Messages in Bottles
If Byrd Williams IV were not a world-class photographer, he might be doing just about as well as a writer.
As editor of Fort Worth Weekly, I’ve known for years about Byrd’s photographic skills and the legacy of his family of photographers going back three generations before him. Byrd agreed, first, to allow the Weekly to run a photo essay back in 2009 that gave readers just a tantalizing taste of his and his father’s and grandfather’s and great-grandfather’s photographic vision. We called it “Byrds’ Eye View,” which I thought to be quite clever but have figured out since then is an oft-used caption for the family’s work.
After that, Byrd took on several other assignments for the Weekly. He has a real love for photographing things that our larger society hides or pretends not to see — the subculture of folks who populate the infields and stands of NASCAR races, drag queens, the culture of violence that is so strong in Texas. For an alternative newspaper that seeks to shine a light on the news and people that otherwise get ignored, you could say that Byrd was right up our alley. It’s not often someone whose work is in multiple museums will work for what the Weekly pays.
But I didn’t know until a couple of weeks ago what a writer Byrd is. In February, the University of North Texas announced that it had completed negotiations to acquire his vast family collection, including prints, cameras, journals, and much more, dating back almost 120 years (“UNT Acquires Williams Collection,” Feb. 28, 2014). I thought it was some of the best cultural news for North Texas in a while, since I knew that, for a long time, it looked like there might be no deal made to keep the collection in this area, especially since it includes many thousands of very fragile negatives and plates that will require careful work to conserve.
Last month, UNT invited Byrd to give the annual Voertman Lecture for the Friends of the UNT Libraries. I went as one of his guests, expecting to applaud him, his work, and UNT’s acquisition of the collection.
I didn’t expect to hear a fascinating meditation on history, consciousness, and the transmission of culture. He began with a quote from British novelist Ian McEwan about how “We are the very privileged owners of a brief spark of consciousness, and we therefore have to take responsibility for it.”
“All of us,” Byrd said, “are trying to nail down that spark while we’re here.”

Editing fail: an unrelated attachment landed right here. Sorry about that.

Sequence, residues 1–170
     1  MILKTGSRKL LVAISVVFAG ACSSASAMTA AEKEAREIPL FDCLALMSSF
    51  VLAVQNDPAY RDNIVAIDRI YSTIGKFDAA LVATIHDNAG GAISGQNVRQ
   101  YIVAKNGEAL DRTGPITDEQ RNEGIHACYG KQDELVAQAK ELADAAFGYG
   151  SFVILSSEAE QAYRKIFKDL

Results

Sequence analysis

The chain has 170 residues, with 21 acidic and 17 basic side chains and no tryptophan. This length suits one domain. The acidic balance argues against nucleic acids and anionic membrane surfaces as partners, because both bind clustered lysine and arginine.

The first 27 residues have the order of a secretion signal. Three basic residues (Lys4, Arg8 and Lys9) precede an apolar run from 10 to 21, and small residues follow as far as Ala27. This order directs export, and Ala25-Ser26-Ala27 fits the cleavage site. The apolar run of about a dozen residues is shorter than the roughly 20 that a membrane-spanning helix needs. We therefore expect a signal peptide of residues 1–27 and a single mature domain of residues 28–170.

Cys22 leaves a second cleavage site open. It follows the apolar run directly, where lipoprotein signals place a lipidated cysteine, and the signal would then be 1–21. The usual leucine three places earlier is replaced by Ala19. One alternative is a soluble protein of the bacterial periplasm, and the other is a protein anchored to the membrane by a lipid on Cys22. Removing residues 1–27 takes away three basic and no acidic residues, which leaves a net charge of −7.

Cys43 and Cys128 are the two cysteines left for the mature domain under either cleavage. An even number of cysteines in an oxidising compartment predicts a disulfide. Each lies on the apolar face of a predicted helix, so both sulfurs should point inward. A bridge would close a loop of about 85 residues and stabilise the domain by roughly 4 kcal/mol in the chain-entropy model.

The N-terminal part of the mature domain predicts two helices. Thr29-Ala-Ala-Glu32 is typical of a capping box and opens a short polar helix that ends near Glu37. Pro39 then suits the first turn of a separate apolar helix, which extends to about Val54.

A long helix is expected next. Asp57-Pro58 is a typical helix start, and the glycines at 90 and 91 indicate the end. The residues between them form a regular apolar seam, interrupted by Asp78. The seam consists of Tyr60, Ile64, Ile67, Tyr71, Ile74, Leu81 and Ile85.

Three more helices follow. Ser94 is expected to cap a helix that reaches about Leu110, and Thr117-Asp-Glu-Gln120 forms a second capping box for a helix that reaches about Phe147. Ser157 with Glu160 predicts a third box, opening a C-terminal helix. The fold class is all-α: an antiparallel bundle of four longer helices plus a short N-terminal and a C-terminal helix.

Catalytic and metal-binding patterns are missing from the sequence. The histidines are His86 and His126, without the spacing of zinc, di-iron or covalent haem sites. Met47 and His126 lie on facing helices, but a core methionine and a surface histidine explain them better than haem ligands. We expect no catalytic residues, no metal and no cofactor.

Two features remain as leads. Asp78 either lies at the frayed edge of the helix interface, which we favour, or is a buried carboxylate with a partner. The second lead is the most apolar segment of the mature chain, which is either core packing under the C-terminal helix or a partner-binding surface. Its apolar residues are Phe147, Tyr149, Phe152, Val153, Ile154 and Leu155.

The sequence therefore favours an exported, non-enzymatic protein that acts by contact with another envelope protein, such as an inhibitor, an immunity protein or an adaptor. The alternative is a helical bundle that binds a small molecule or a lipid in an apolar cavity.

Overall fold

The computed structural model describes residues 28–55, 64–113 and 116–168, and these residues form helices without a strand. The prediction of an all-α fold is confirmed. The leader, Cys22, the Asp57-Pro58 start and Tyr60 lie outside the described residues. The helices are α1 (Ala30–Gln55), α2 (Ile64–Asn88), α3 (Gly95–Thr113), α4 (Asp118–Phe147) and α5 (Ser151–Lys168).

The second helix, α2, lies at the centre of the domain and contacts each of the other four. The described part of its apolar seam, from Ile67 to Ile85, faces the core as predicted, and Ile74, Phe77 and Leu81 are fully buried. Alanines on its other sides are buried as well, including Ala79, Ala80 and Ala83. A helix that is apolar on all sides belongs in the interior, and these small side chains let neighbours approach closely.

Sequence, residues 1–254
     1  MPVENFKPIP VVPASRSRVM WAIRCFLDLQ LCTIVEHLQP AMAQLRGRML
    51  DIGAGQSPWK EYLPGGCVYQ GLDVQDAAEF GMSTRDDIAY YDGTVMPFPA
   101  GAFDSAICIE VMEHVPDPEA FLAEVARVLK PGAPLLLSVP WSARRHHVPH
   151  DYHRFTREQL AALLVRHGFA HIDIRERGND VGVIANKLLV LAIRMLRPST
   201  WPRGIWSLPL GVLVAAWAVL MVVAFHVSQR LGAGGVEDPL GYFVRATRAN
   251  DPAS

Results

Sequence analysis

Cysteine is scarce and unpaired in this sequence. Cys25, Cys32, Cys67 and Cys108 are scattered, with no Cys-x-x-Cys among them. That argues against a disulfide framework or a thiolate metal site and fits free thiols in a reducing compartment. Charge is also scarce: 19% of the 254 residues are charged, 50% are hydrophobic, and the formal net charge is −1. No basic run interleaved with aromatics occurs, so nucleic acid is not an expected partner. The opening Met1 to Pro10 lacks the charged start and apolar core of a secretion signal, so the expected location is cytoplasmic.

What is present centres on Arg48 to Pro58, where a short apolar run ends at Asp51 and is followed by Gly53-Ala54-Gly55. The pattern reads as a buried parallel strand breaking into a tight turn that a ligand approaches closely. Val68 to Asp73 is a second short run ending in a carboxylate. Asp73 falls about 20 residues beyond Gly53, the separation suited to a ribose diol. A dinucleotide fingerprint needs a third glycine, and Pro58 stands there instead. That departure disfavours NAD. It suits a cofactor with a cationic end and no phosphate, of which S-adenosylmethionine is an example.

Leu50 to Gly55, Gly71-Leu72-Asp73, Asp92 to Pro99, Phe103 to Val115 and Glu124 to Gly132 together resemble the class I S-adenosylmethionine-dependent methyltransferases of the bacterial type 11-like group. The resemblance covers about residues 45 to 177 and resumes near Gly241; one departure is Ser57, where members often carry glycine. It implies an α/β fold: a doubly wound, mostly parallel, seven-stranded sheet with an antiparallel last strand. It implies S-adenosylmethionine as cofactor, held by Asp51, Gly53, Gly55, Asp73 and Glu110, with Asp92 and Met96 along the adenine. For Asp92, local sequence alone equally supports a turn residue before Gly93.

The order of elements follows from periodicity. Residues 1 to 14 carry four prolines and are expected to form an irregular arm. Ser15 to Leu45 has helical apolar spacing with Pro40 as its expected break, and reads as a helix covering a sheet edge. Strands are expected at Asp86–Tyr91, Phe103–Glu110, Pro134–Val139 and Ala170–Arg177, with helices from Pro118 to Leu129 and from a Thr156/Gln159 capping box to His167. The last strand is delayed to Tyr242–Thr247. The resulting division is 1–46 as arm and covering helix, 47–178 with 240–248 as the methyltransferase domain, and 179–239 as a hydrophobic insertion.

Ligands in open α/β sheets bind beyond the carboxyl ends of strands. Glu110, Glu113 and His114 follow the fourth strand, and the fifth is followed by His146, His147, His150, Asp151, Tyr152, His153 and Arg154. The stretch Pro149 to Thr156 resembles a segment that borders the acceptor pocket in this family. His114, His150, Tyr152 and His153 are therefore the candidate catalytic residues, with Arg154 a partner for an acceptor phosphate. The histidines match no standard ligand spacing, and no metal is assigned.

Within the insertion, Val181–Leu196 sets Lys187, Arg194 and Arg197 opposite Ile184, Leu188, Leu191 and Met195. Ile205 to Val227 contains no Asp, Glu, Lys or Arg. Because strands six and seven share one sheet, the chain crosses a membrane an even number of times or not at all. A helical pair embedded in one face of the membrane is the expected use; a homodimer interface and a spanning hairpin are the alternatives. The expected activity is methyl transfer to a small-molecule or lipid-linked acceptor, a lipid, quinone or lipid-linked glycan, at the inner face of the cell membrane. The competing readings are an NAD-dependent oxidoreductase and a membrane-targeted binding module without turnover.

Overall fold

He and his family have been trying to capture that spark for more than a century. Byrd IV himself started taking pictures when he was six or seven. “For my 10th birthday I got a gun and a camera,” he said. “Thank goodness I went toward the camera.”
For many years — he calls them “the prison years” — he worked in his family’s photo business, which involved not only photographing little girls in dancing classes but also engineering projects, crime, the Kennedy assassination, and much more. His family had one of the first color labs in Texas and did color developing for customers all over the state.
“To get through history to the future, you had to come through the camera,” he told the audience. “You had to come through me,” he said. “If you got married and there were no pictures … did it really happen?”
I was less surprised but no less entertained to also hear about Byrd’s self-described “line of baloney” for getting people to let him take their pictures or let him into their bathrooms to take pictures, about his gig with televangelists, the relative lifespans of silver and gold (in photographic plates), how the stuff that Europeans carry in their pockets is more interesting than what Americans carry, and how his granddad’s drinking sessions with Pancho Villa earned Byrd IV better treatment from author Larry McMurtry.
There was much more. Byrd explained that, because his family collection is so huge — including more than 300,000 negatives — he really has no idea of everything that it contains. (Although he does know that, to use one of the cameras in the collection, he must now check it out from the UNT Libraries just like any other student or researcher.)
Byrd’s wealth of stories and insights seems almost as intriguing as the collection.
The Williams collection is one of the UNT Libraries’ most massive, clearly a treasure trove that scholars will be delving into for many years.
Because the deal for the collection includes a book, perhaps many of Byrd’s stories and thoughts on all of it will be preserved there. University of Texas-Austin senior curator Roy Flukinger will write it.
Byrd, meanwhile, is still teaching, as a professor at Collin College and still taking pictures. For a long time he thought of himself as an artist, he said, but now he’s back to thinking of himself as a photographer, documenting our world or, more correctly, our worlds, from German cityscapes to the fraternity of people who have been shot and lived to tell about it, to his continuing project to photograph Fort Worth landmarks, including many taken from rooftops.
As with so many other subjects, Byrd doesn’t seek permission. He just takes the elevator to the top floor and figures out from there how to get onto the roof. Asking permission, he said, “just takes time.”
He’s not going to stop, he said. “I’m going to keep doing it. I’m going to climb on every roof.”